The Parliament Buildings and Emigrant Sheds, City of Toronto Museums, 1978.41.30
Inset showing the Emigrant Shed (far left) on Front Street.

The massive wave of emigration from the British Isles in the 1830s that was inspired by an unstable European economy and the growing Atlantic shipping trade2. Unfortunately, this wave of emigrants brought cholera with them. Emigrant sheds provided a rudimentary quarantine for the large influx of cholera patients and temporary shelter for immigrants who arrived penniless in Canada.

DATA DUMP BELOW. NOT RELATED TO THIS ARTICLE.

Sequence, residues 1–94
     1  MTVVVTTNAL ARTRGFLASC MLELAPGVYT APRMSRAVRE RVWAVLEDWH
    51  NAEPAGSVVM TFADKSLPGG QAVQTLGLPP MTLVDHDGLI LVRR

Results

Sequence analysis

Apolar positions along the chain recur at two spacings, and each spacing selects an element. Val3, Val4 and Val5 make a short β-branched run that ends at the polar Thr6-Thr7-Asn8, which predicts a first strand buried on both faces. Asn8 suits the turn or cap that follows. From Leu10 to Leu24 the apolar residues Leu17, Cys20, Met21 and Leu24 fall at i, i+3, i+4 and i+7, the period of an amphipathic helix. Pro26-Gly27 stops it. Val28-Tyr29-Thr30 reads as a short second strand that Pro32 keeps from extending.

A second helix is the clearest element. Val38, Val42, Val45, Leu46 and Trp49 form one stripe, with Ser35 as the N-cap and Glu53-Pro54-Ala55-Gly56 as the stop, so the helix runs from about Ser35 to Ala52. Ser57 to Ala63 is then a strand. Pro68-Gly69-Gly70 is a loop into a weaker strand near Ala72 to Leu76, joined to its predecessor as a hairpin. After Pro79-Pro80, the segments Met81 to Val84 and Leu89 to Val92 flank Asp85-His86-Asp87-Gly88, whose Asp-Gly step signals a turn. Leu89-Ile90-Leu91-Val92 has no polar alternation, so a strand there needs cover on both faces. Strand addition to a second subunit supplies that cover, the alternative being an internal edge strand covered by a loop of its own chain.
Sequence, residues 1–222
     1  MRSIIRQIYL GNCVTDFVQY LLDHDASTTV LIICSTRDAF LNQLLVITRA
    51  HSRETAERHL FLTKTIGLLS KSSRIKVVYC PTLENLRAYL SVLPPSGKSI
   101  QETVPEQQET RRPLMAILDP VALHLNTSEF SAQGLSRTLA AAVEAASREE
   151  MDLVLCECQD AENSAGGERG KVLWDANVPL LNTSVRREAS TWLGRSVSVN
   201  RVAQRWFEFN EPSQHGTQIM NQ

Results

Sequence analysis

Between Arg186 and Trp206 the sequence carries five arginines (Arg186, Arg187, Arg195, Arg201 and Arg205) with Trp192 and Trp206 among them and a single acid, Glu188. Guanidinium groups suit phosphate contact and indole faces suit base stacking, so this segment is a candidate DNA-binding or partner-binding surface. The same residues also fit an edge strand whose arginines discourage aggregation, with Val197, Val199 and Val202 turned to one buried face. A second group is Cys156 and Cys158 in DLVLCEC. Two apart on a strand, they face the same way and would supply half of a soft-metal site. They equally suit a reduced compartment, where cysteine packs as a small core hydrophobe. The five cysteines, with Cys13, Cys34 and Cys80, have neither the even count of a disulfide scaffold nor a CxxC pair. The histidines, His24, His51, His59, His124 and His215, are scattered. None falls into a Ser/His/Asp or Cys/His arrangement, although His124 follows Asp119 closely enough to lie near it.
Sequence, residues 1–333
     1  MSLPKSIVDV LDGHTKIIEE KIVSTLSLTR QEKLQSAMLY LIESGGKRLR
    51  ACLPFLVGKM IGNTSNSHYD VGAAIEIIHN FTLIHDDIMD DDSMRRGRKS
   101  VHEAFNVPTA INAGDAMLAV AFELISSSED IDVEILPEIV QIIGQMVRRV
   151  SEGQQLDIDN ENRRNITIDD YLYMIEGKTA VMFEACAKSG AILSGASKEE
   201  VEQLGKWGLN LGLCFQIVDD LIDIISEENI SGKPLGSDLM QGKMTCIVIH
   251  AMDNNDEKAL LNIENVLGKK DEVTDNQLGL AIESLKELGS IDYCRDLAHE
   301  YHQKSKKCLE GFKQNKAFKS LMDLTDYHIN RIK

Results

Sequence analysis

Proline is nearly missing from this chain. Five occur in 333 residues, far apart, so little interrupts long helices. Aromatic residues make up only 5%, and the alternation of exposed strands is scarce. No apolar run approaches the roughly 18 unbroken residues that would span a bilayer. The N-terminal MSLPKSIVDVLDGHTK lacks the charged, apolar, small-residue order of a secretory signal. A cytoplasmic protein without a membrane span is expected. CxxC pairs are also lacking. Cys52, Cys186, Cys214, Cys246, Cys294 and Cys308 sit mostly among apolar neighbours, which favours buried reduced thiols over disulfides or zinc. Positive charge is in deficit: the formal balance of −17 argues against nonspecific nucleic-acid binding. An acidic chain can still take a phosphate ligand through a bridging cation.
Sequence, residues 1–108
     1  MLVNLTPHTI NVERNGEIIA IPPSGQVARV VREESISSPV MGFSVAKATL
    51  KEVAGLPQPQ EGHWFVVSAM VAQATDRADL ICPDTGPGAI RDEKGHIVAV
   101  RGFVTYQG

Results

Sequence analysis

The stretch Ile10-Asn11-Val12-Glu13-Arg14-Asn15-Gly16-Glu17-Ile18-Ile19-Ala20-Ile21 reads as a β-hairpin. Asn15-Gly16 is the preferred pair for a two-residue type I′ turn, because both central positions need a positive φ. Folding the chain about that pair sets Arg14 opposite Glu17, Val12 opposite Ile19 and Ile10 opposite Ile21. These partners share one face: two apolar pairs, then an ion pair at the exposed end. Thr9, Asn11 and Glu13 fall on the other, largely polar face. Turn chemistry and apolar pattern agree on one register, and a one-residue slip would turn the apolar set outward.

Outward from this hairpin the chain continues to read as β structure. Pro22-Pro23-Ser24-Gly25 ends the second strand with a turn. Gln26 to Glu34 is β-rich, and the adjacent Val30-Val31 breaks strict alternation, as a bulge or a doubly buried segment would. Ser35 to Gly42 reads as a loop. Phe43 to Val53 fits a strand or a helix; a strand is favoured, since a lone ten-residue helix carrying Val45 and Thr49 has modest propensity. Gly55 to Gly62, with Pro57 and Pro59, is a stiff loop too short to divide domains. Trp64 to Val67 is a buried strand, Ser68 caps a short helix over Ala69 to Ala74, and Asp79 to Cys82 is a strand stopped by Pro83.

2 Geoffrey Bilson. A Darkened House: Cholera in Nineteenth Century Canada. Pg 6.

Curiously, the only mention of cholera in Howard’s diary entries chronicling his arrival in Upper Canada is to note that “some of the passengers took cholera during the crossing and this made it difficult on arriving in the St. Lawrence to purchase provisions or to get water, as the inhabitants were terrified of the dread disease.”